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Integration of the Self and Awareness (ISA) in Learning and Teaching

A case study of French adult students learning English the Silent Way

Patricia Benstein

The successful acquisition of a second or foreign language requires focus, motivation, and positive feedback. This case study of French adult students of English illustrates that Gattegno’s Silent Way is more than a teaching methodology. It is a science of education that integrates the self and awareness in the learning and teaching processes. This integration facilitates the personal evolution of Gattegno’s ‘pre-human’ to the ‘universal human’ who is permanently aware of his/her awareness. The resulting experience of ‘flow’ leads to a positive feedback loop that in turn contributes to the student’s enjoyment of acquiring a second language.

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Part One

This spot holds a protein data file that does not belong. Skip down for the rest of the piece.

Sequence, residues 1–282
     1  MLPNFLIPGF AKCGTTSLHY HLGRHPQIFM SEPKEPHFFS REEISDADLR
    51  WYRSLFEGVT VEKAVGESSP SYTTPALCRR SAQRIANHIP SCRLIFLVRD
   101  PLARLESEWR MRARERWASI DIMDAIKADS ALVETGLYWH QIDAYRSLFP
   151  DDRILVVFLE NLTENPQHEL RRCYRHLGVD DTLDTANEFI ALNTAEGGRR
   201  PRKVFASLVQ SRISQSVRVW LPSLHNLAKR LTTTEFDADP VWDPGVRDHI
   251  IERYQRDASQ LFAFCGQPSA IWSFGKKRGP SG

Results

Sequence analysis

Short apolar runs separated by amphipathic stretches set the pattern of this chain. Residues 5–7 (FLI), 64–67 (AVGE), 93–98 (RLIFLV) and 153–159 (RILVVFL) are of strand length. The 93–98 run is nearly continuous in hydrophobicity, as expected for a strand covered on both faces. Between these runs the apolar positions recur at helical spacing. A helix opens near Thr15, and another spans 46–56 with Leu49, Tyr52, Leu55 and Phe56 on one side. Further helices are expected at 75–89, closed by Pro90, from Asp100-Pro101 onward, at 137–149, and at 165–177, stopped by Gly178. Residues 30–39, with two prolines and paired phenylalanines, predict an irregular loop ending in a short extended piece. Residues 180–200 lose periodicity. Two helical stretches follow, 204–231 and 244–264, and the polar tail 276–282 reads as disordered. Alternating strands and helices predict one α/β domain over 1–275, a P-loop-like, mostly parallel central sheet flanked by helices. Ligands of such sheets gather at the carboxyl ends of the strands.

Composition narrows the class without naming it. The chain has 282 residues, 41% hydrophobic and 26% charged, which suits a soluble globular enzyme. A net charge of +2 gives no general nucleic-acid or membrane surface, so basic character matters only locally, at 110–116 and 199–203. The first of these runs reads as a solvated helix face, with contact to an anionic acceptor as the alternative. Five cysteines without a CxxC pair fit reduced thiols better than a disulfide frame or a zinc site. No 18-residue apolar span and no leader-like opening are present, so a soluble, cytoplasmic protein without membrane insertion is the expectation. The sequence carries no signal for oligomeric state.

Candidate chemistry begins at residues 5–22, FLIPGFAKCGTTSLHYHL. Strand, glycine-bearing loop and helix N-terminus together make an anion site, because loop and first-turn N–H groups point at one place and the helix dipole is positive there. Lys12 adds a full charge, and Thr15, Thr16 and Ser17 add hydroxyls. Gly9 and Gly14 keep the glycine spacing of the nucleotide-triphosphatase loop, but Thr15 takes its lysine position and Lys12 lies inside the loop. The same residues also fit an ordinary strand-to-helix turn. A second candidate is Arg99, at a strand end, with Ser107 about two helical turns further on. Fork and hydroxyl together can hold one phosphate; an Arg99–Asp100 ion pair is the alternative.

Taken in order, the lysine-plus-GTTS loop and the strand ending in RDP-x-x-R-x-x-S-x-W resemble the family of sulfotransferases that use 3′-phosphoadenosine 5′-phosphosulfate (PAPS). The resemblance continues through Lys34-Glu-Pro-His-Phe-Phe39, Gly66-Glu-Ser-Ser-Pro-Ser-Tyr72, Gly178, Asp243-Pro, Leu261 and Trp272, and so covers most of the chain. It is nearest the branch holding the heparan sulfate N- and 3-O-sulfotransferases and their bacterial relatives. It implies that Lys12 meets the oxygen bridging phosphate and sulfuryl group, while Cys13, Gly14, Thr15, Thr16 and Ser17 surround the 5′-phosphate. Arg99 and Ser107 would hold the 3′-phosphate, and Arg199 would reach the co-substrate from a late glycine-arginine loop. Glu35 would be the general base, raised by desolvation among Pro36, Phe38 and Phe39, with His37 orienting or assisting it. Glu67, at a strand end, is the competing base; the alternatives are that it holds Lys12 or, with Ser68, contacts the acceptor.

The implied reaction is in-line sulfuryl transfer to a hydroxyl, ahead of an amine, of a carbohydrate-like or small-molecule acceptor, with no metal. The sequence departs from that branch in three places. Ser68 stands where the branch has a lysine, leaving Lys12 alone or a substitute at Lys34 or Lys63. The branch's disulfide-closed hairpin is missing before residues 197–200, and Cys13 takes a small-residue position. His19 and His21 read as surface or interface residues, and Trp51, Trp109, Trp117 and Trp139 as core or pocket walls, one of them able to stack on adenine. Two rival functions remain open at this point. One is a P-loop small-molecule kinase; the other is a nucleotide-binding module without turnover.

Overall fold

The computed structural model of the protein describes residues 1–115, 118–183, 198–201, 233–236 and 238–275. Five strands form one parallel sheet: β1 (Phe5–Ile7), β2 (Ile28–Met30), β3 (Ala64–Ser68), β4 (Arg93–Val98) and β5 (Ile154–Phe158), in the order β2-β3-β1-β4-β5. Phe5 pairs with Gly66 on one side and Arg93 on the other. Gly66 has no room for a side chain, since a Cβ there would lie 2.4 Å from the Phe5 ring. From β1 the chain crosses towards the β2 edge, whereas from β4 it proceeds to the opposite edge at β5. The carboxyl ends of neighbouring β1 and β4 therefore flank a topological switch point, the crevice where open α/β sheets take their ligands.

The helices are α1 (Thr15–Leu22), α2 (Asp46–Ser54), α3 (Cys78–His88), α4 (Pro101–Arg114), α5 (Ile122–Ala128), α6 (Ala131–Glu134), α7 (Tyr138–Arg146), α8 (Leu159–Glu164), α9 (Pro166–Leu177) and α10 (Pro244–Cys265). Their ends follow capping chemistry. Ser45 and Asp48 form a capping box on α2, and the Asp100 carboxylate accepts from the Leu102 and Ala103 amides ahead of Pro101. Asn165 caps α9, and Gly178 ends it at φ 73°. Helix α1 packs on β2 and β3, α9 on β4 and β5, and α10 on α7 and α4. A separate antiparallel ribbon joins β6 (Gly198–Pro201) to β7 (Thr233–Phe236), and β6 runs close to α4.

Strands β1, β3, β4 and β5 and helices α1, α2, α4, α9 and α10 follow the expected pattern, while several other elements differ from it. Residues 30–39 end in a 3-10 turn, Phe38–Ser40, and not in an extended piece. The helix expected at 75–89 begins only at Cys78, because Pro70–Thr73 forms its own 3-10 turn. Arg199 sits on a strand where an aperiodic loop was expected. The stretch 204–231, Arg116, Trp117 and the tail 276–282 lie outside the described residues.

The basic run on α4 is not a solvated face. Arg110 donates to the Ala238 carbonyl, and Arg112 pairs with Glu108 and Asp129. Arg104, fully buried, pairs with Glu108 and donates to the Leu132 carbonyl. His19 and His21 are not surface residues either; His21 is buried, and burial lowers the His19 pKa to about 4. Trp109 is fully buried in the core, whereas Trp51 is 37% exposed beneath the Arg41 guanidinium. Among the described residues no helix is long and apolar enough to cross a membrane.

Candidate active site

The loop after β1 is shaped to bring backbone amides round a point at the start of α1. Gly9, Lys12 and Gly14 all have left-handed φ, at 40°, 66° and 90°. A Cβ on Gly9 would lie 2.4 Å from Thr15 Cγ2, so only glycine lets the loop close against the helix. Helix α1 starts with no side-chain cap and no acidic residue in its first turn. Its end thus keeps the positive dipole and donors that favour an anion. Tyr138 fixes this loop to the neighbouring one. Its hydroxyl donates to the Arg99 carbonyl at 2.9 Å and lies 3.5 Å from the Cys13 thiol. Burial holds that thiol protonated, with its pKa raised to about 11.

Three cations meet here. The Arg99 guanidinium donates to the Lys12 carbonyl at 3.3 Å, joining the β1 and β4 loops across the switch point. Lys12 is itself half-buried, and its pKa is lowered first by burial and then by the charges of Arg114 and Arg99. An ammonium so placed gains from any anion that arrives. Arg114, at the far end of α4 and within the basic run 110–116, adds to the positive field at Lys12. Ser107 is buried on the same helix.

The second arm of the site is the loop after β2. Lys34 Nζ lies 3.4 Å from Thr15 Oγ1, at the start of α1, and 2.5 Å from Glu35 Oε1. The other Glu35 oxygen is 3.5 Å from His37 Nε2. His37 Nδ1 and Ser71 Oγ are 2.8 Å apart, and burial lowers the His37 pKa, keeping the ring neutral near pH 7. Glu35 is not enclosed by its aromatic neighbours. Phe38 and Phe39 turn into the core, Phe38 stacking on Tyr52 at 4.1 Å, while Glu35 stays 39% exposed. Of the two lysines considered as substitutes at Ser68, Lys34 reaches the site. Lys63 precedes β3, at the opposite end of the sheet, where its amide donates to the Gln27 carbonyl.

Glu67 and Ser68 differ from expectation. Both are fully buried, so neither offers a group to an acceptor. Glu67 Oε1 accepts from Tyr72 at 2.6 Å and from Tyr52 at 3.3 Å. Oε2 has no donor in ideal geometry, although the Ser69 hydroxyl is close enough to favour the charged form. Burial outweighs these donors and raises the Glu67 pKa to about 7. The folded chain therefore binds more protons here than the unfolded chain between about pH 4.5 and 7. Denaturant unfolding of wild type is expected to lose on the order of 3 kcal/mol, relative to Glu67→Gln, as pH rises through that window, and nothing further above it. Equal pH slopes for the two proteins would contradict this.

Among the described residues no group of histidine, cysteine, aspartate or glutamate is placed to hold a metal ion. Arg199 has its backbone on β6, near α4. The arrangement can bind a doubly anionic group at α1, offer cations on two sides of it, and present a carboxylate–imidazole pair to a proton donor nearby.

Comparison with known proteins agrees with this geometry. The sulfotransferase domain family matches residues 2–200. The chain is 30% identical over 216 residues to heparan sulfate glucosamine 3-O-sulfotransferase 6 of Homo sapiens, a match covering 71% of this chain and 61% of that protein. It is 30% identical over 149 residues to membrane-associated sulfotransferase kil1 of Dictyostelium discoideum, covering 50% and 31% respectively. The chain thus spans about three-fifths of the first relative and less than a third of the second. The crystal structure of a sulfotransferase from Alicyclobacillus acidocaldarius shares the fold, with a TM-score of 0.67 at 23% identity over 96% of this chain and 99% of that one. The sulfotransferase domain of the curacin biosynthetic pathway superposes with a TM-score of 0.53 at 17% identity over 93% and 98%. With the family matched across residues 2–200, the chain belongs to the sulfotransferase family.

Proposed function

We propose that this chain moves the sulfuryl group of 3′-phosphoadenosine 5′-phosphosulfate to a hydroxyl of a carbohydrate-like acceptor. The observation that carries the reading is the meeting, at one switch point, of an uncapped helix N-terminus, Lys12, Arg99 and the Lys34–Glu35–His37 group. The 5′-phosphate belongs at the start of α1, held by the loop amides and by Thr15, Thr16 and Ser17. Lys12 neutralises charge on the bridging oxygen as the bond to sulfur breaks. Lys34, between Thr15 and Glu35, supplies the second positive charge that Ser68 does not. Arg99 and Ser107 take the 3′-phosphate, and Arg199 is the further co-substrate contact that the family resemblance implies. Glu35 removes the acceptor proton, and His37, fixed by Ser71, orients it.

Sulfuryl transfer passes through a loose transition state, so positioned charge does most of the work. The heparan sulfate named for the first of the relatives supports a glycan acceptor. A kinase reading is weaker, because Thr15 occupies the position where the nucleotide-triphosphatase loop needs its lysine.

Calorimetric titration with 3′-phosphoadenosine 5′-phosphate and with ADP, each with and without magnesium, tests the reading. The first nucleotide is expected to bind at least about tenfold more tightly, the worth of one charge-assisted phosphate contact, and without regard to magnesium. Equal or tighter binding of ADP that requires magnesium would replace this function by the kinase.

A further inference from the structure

Part one of this book comprises five chapters. Chapter one introduces the main topics and sets the scene for the study. Chapter two reviews the literature on the Silent Way and provides the definition of the Silent Way used in the present study. Chapter three describes the theoretical model suggested by Caleb Gattegno that serves as a background for the Silent Way. It presents Gattegno’s model of evolution and his “science of education”. This chapter provides the reader with information necessary for a deeper understanding of the Silent Way than is generally displayed by the reviewers mentioned in chapter one. The next two chapters locate the Silent Way within two different areas of research on learning. Chapter four reviews the literature on second language acquisition in order to place the Silent Way within this fairly new area of research. Chapter five locates the Silent Way within one branch of cognitive psychology, that of the information processing perspective of learning with a special emphasis on language learning.

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